Over the course of the civil rights movement, most politicians, however, abandoned explicitly racist appeals. As the Washington Post observed in 1965, a “new breed of legislators” was replacing the “old-style segregationist politician.” As one columnist noted in the Boston Globe that year, “There is the voice of the segregationist politician who cries for ‘states’ rights’ but means white rights and decries ‘Federal intervention’ when it means integrating the schools.” These politicians developed a new style of rhetoric, notoriously summed up by Republican operative Lee Atwater in 1981:
You start out in 1954 by saying, ‘Nigger, nigger, nigger.’ By 1968 you can’t say ‘nigger’—that hurts you, backfires. So you say stuff like, uh, forced busing, states’ rights, and all that stuff, and you’re getting so abstract. Now, you’re talking about cutting taxes, and all these things you’re talking about are totally economic things and a byproduct of them is, blacks get hurt worse than whites. . . . ‘We want to cut this,’ is much more abstract than even the busing thing, uh, and a hell of a lot more abstract than ‘Nigger, nigger.’
Soon journalists began to mirror the “color-blind” language being adopted by white-power activists. One of the best examples of the journalistic shift can be seen in 1957, the same year as Thurmond’s filibuster, when Little Rock’s Central High School became the site of the nation’s most iconic battle over school desegregation. In October of that year, many newspapers carried an Associated Press story about the “racially tinged” actions of a group called the “Segregationist League of Central High Mothers.” While not necessarily causal, this moment represents a hinge: opposition to the civil rights movement was increasingly described by journalists as “racially tinged” rather than “racist.” A 1963 article in the Baltimore Sun described the “racially tinged protests of some white parents.” In the same year, an article by Bruce M. Galphin in the New York Times explained that “the presence of a Negro juror . . . substantially reduces derogatory racial references in jury-room deliberations and racially tinged wisecracks from judges and lawyers.” What made the wisecracks “racially tinged” was that, in the year of the Birmingham Protests and the “I Have a Dream” speech, code words were beginning to replace straightforward descriptions of racist activities. The nadir of euphemism is surely a dead tie between the Associated Press’s 1964 description of “racially tinged explosions” which were set off “near the recently desegregated campus of the University of Alabama” and “across town near a Negro cafe”; and a 1953 Associated Press story that described the trial of two white men who kidnapped a black motorist and set him on fire as a “racially charged case.”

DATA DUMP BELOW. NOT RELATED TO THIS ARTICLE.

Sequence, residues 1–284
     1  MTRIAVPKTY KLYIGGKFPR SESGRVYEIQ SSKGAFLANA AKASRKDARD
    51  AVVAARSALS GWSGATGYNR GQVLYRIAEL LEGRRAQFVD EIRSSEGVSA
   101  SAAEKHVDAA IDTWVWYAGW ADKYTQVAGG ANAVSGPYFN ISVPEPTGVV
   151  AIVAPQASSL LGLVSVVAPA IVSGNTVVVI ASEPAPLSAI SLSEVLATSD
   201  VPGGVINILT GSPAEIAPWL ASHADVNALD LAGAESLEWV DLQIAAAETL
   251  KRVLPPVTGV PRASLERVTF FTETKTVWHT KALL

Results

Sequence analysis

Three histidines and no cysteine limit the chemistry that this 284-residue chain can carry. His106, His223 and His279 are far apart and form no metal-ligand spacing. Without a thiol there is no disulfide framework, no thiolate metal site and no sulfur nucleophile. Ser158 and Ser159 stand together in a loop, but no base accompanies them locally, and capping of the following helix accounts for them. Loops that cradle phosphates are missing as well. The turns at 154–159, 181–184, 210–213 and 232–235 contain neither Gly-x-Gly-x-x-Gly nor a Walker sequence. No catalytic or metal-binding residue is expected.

By the 1990s, however, when the use of such expressions began to increase dramatically, their application was less as euphemism than as matter-of-fact description of forms of racism that had become normalized as essentially non-pathological and within the range of mainstream political disagreement. Sandy Grady’s article on Steve Forbes’s 1996 presidential campaign, for example, explained that the multimillionaire could afford “tough pros, including Carter Wrenn, who devised racially tinged ads for Sen. Jesse Helms.”
Given this historical context, what on the left has been so often treated as Trump’s radical departure from political norms comes into focus as the terminal outcome of mainstreaming the color-blind language of post–civil rights white supremacy. By extension, the cure cannot be more of the same: by amplifying this language of “racially tinged” and its kin, the media replicates the very same language of indirection that was invented by right ideologues to make it difficult to speak accurately of racial oppression. Color-blind and euphemistic coverage not only masks the danger of racism, it reinforces it. If this language was harmful during the era of “Massive Resistance” to the civil rights movement in the late 1950s, it is no less so in the age of Trump, when subtle dog whistles have been replaced with overt appeals.
Lawrence B. Glickman is Stephen and Evalyn Milman Professor of American Studies in the Department of History at Cornell University. He is the author, most recently, of Free Enterprise: An American History and Buying Power: A History of Consumer Activism in America.